with cirrhosis and esophageal varices the veins and arteries of the organs that are connected to the portal circulation are engorged with blood and under pressure. think about the worst case of varicose veins you've ever seen in a person's leg. well, that's what's going on inside this person's liver and esophagus. some of the blood is leaking out into the esophagus (see the definition from taber's that i listed above). it doesn't help that the liver is damaged either because the normal clotting mechanism is screwed up secondary to liver damage. so, it's easier for these patients to bleed. on top of that, coughing is a very traumatic thing. pressure builds up in the entire upper torso when there is a lot of coughing which would create increased pressure in these varicose vessels. that combined with the compromised clotting mechanism results in some microscopic bleeding. traumatic coughing itself can result in some minor bleeding from the arteries in the alveoli of the lungs in a normal person. this happens quite frequently in pneumonia to give patients a rust colored sputum. but sometimes you can cough so hard that you bring up some stomach contents too. in the case of your patient, some of their stomach contents would contain blood. what is happening is some of that minute blood that is oozing out of their esophageal varices and just making its way up into the pharynx when they cough and ends up in the sputum. most of it, however, is continuing on down through the gi tract where the stool samples are showing + for occult blood. keep in mind that the gi tract is one continuously long tube that runs from the mouth to the anus with a few side streets here and there where it picks up secretions and other things.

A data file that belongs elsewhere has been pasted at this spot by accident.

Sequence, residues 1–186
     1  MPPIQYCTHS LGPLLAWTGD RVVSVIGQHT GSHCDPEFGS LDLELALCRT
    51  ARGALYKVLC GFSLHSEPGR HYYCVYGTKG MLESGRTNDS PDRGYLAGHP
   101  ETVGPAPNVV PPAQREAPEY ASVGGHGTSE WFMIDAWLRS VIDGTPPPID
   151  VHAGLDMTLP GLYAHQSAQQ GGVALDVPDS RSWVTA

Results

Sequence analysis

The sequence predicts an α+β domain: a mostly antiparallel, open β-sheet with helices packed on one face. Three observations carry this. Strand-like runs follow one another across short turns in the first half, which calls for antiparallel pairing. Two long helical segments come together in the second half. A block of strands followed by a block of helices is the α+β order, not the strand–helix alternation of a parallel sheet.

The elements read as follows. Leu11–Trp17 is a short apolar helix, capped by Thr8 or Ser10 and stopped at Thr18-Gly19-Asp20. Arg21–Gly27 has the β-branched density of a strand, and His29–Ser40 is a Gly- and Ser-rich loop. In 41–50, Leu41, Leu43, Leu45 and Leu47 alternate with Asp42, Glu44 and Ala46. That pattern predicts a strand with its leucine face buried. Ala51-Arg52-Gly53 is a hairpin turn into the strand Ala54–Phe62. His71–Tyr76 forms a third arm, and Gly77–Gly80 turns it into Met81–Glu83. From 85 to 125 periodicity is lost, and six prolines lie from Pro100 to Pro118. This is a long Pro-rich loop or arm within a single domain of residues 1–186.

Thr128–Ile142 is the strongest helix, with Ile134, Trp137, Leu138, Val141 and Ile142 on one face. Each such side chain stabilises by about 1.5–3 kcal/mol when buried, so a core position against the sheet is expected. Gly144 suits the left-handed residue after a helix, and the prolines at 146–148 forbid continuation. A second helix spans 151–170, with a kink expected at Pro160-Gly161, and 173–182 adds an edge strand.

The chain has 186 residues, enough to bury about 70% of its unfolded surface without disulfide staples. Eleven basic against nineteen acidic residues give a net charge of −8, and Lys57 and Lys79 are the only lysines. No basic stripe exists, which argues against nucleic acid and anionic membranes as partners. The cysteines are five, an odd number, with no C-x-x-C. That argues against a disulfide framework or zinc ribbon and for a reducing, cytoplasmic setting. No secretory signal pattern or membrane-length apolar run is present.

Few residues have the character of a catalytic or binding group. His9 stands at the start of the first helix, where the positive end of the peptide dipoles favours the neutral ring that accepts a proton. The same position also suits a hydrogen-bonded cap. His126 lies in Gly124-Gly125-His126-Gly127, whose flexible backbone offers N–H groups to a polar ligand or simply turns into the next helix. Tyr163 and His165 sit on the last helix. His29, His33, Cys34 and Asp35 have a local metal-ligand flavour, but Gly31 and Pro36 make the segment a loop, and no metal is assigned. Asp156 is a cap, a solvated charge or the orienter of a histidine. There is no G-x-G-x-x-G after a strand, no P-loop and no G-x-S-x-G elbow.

here are some articles on this disease:

you can also find information on medline plus (http://www.medlineplus.gov/) by doing a search for the disease or symptoms. it will link you to more resources.